It’s an obvious allusion to Bruce Banner/ Hulk’s well known origin story, but it’s still an odd thing to say, until you realize it’s actually a more direct allusion to Joss Whedon’s film. Early on in that film, Erik Selvig is examining the Tesseract (ie. the Space Stone), and comments to Nick Fury that there is radiation coming off of the stone, which he describes as “mostly harmless, low level gamma”, and of course Nick Fury get’s the killer line, “that can be dangerous”.
But that’s beside the point, we’re already building Hulk’s character arc. He’s a character that’s mostly ignored in the MCU, until the rest of the Avengers need a tank to deal with some big enemy in the middle of a fight. But Markus & Mcfeely went out of their way to pay attention to what little backstory Bruce Banner did have. But of course this little “easter egg” pails in comparison to the second reference we get in “Avengers: Endgame”:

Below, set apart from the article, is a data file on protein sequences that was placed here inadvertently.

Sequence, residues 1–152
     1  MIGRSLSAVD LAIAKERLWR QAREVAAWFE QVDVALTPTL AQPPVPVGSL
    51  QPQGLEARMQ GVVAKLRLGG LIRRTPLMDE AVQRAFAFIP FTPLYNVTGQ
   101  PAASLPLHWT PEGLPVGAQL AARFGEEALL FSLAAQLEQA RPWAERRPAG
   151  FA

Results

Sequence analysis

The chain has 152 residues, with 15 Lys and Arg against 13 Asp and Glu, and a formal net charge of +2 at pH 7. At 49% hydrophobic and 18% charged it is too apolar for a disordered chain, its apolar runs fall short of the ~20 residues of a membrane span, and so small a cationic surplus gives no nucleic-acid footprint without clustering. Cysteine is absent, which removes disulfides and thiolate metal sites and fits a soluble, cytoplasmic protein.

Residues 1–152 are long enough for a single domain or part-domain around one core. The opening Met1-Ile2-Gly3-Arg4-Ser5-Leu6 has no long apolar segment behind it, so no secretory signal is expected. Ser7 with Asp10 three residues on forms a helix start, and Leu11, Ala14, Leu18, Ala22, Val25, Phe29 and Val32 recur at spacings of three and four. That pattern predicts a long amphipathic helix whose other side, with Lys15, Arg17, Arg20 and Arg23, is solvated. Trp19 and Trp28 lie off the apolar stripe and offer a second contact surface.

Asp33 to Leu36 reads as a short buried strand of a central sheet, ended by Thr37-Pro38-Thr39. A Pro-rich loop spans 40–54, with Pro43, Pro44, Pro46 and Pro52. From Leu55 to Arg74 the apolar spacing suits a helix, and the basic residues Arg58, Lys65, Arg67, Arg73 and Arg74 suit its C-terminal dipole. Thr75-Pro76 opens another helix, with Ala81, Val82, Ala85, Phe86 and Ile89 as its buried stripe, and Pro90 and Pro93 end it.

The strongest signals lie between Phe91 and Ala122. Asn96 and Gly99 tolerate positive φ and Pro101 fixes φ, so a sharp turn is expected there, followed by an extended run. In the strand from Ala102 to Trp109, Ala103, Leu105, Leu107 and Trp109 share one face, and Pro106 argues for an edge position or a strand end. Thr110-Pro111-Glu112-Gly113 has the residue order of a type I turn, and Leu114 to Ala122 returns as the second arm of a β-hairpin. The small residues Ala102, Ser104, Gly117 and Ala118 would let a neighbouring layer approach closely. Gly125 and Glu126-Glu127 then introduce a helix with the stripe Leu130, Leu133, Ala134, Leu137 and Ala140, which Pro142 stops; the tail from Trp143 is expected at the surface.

At the very beginning of the film, right after the time jump, we’re introduced to our characters as they’ll exist for the rest of the film. Tony Stark the dad, Black Widow the project manager, fat Thor, and most impressively, Bruce Banner’s new persona: He’s no longer doing the whole Jekyll-Hyde thing and transforming into a green monster at increasingly less well defined times, but has rather leaned fully into the Hulk side of the, uh, personality, we’ll say — much like what we saw in “Thor: Ragnarok”. This time around however we get to see what I’m dubbing: “The Hanna Montana Hulk” (the best of both worlds). Basically Hulk’s body and Banner’s brain.